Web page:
Research is ongoing, but current studies show the ratio of TP to TDP ranges from 20 to 90 percent. The wide range is primarily due to source control, land use, seasonality and sampling location within the watershed. These variables also can influence the OP fraction of TDP.

Given that we know phosphorus exists in different species, success in treating phosphorus is dependent on which forms are regulated, present and being analyzed.

Why Is Phosphorus Difficult to Treat?

The speciation of phosphorus previously discussed makes it challenging to remove from urban runoff.

Dissolved phosphorus is much more difficult to remove than particulate-bound phosphorus because it relies on different treatment mechanisms. Gravity separation and filtration can physically remove particulate-bound phosphorus; however, dissolved forms require chemical removal processes such as adsorption or precipitation.

Further, while a portion of the phosphorus load may be bound to particulates, it may not stay that way, as it can dissociate into the dissolved phase. For example, phosphorus attached to organic compounds in leaves can transform into dissolved phosphorus as the leaves decompose. This phenomenon can be observed in the spring and fall when flowers and other plants die and decompose. It can explain why seasonality affects the ratio of TP to OP, and why algae blooms within water bodies are more frequent during certain seasons.

Meeting most TP removal goals often means treating both the particulate-bound and dissolved phosphorus phases as well as retaining any captured particulate phosphorus that may dissociate into the dissolved phase. Standard stormwater treatment practices adequately remove particulate-bound phosphorus from urban runoff. However, removing and retaining dissolved phosphorus is more complex and requires specialized treatment.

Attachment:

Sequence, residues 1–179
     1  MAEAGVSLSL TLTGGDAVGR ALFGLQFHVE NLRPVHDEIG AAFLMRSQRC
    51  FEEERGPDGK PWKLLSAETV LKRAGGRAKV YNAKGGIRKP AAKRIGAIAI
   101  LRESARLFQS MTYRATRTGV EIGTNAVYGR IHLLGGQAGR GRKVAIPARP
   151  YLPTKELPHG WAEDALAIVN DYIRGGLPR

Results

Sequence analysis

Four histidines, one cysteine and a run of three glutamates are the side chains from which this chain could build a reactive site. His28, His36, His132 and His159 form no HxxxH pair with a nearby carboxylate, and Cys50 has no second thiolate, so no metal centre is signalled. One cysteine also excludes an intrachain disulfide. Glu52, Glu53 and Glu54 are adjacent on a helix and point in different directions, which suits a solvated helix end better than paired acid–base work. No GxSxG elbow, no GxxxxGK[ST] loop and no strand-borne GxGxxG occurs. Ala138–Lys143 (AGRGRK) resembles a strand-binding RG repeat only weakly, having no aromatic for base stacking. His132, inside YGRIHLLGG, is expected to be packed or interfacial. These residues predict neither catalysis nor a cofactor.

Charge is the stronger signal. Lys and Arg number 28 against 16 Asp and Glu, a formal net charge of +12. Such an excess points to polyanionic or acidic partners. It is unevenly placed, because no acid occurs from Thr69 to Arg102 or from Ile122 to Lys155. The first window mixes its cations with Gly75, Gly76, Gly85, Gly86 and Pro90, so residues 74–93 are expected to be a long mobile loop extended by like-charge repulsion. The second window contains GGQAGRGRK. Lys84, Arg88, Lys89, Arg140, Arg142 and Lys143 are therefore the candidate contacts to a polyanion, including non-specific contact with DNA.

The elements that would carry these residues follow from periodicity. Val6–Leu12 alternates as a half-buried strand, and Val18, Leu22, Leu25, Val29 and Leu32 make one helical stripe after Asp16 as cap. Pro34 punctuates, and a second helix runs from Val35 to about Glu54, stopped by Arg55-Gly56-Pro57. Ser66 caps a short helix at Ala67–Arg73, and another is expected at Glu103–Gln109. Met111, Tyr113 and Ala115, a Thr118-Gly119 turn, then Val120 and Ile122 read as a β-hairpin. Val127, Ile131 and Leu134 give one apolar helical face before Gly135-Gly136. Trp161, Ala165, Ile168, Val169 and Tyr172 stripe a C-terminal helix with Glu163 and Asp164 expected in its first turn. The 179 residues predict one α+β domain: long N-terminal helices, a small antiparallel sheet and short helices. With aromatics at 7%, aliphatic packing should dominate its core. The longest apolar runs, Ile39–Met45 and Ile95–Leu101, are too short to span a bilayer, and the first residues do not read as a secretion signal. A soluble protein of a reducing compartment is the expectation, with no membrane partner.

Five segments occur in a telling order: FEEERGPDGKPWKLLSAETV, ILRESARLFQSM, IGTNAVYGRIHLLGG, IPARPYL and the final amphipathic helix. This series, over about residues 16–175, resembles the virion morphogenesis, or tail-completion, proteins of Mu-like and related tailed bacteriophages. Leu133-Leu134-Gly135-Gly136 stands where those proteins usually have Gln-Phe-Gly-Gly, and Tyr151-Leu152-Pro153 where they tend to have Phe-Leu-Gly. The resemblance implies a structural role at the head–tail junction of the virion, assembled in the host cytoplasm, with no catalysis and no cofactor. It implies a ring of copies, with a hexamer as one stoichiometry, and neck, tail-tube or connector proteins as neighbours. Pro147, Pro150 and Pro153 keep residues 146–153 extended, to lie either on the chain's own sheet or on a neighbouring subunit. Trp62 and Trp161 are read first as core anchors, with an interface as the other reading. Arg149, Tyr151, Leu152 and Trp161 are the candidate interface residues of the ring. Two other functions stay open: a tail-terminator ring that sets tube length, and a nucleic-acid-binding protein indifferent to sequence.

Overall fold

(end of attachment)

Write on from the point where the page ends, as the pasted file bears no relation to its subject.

Total Phosphorus Removal Targets

Many state regulatory agencies have established phosphorus removal targets (Figure 2). Most of these agencies structure their removal goals as a percentage removal of TP, which underscores the importance of knowing the dissolved fraction of TP.

Total Phosphorus Removal Targets

Figure 2: Example of state  phosphorus removal targets 

Geography has a significant impact on a state’s phosphorus-removal targets. For example, Minnesota has more freshwater bodies than Arizona and thus has more-stringent removal goals. Land use also is critical. Agricultural runoff significantly contributes to high phosphorus levels, but it’s regulated differently from urban areas. States with overlapping agricultural and rural land uses may have to coordinate among various agencies to meet phosphorus-removal goals.

Phosphorus also is a pollutant of concern in section 303(d) of the Clean Water Act. It leads the nutrient category in the Total Maximum Daily Load (TMDL) category, with more than 4,000 water bodies listed as impaired by TP.

Phosphorus also is mobile, with large multi-state drainage basins showing higher phosphorus concentrations downstream. This can lead to permanent areas of low dissolved oxygen—also known as dead zones—and has led to the development of large, regional approaches such as the Chesapeake Bay TMDL, which covers six states. Lastly, some states, such as Virginia, have instituted nutrient credit trading to control stormwater phosphorus levels.

Phosphorus Removal Mechanisms

Phosphorus typically is removed from stormwater using filtration or bioretention/biofiltration.

Filtration

Filtration processes to remove phosphorus can be split into two groups based on the type of media used: 1) physical/inert media filtration and 2) active/sorptive media filtration.